As a Research Scholar, I was extremely excited to be able to share with attendees the hard work our team has put in for the past year to bring this project to life. I have to admit, I was very nervous since this was my first research conference and I’m just an undergraduate student; however, this experience showed me that through this project, our efforts will be able to impact people all over the world. INFORMS is an international conference, which brings an audience from all over the world. To be able to share with attendees the issues going on in America and to show them how we are trying to combat these issues makes me realize how important this project is.

I believe in the power of networking whether it’s through social media or word of mouth and my hope is that through this conference, someone will become more knowledgeable of the impact that HIV/AIDS has had on black females, spread the word about it, and join us in promoting awareness. Follow us on Twitter @myhealthimpact.  Share your tweets and blog comments.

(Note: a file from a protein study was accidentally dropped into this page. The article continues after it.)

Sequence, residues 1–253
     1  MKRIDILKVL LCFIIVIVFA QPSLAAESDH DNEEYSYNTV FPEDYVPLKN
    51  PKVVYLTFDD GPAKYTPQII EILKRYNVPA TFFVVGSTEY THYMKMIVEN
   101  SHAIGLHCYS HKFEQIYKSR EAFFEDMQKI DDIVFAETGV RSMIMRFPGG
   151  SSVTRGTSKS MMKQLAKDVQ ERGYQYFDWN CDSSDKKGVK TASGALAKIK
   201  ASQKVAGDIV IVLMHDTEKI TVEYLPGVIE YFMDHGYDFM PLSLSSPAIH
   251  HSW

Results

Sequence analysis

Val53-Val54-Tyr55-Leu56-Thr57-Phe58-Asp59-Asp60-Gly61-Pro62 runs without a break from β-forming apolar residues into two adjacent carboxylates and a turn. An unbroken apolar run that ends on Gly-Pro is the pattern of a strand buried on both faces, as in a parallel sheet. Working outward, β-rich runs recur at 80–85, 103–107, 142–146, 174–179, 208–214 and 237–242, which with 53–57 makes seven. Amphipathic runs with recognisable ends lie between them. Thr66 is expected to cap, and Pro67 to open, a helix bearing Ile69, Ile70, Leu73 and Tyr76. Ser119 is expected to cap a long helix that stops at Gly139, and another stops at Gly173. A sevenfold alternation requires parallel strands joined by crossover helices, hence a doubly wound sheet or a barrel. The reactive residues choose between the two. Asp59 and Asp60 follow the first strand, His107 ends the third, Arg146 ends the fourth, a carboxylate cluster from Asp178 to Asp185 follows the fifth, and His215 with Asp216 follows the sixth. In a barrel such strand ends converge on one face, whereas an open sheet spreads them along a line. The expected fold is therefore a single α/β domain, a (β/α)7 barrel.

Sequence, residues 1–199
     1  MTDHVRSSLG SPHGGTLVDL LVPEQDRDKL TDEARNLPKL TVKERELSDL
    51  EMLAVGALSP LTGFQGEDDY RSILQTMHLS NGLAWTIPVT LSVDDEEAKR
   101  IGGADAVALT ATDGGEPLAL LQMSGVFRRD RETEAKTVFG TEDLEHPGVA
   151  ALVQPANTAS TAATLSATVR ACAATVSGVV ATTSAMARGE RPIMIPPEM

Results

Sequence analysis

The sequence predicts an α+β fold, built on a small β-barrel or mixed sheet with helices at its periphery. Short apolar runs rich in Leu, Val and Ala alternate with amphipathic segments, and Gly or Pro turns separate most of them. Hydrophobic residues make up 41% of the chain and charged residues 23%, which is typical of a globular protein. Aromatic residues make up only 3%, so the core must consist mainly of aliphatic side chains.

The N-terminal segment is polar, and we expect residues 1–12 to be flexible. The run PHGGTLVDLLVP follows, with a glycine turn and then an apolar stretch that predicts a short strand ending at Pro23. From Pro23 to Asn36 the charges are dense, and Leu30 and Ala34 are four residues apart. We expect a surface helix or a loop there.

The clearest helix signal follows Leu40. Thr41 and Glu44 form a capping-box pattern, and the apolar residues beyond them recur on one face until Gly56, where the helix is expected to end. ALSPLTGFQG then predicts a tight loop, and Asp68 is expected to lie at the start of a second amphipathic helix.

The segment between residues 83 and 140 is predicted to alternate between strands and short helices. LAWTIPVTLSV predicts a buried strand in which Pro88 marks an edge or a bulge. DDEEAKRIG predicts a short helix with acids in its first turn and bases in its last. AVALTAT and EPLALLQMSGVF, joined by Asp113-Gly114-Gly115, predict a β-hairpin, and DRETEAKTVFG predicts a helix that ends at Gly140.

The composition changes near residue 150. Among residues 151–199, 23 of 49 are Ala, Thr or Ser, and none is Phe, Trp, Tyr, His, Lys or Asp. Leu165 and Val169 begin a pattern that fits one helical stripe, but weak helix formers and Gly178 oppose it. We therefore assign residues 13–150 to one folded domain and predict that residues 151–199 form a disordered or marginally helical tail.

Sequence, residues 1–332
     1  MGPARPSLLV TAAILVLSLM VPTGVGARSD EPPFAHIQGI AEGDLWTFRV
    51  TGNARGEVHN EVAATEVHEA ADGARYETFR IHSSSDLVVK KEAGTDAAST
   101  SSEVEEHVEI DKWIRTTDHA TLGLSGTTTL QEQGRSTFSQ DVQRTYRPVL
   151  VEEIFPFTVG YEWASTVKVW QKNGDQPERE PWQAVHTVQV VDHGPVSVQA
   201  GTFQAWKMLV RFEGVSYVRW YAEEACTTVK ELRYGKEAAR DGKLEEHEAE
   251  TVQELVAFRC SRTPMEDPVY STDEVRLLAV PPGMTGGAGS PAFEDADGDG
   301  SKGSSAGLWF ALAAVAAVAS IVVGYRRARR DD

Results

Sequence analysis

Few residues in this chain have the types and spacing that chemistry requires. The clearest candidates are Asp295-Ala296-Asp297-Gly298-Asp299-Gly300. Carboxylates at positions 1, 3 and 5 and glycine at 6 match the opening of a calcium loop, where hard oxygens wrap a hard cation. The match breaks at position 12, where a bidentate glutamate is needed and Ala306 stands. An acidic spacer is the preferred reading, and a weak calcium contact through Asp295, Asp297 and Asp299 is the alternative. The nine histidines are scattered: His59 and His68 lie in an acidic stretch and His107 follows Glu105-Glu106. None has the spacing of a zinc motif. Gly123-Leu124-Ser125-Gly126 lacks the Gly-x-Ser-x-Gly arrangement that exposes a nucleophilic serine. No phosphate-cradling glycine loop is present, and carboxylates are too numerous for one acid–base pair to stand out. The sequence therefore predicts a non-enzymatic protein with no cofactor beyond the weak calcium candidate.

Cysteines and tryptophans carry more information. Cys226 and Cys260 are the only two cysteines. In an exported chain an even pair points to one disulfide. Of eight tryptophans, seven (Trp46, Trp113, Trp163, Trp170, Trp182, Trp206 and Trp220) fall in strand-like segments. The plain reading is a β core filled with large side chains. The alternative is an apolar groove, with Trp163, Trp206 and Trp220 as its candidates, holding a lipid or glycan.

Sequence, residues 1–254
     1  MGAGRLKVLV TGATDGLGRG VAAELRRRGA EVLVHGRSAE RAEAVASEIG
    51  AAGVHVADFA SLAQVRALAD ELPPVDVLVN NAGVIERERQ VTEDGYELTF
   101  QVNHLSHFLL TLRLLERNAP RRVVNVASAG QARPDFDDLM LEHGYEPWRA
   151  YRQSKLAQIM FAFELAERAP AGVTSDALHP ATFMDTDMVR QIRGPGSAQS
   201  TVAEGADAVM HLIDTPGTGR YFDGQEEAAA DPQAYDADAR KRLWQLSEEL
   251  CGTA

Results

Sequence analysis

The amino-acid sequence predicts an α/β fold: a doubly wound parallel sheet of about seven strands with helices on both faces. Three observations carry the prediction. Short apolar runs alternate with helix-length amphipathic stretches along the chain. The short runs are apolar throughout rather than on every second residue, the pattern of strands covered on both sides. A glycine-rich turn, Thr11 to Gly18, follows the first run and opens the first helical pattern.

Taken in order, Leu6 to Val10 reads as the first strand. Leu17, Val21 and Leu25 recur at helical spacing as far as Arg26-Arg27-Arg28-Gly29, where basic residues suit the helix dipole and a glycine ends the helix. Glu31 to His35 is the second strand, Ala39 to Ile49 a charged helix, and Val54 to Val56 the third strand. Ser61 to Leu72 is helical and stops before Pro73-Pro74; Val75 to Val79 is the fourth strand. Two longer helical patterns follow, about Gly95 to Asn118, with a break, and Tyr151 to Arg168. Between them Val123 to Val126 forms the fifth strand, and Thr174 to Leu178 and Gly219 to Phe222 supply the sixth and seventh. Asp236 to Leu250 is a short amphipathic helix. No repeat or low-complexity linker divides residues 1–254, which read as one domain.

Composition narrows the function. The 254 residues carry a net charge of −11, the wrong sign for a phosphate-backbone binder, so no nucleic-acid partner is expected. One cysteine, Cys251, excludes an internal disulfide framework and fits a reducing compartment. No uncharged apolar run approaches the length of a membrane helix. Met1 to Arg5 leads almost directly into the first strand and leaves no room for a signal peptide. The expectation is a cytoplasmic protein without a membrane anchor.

by Dr. Winchester

October 15, 2012

Engendering Behavioral Change through Design: Putting it in Context

“Nothing exists in isolation. Design divorced from the context in which the product is used is of little value to its audience. Cognitively, this makes sense—most designers agree that they have to consider the environment, culture, and situation as part of the process of developing a new product (or redesigning an old one). But practically, context and culture get little play in design meetings.” Olga Werby [1]

As a human-computer interaction (HCI) design researcher exploring means by which interactive technologies can be used to help people make better decisions about their health and wellness, especially their sexual health and wellness [2], I continually grapple with the context question.  Discerning and then actioning the many questions is not easy and why I would offer context is often underappreciated in design.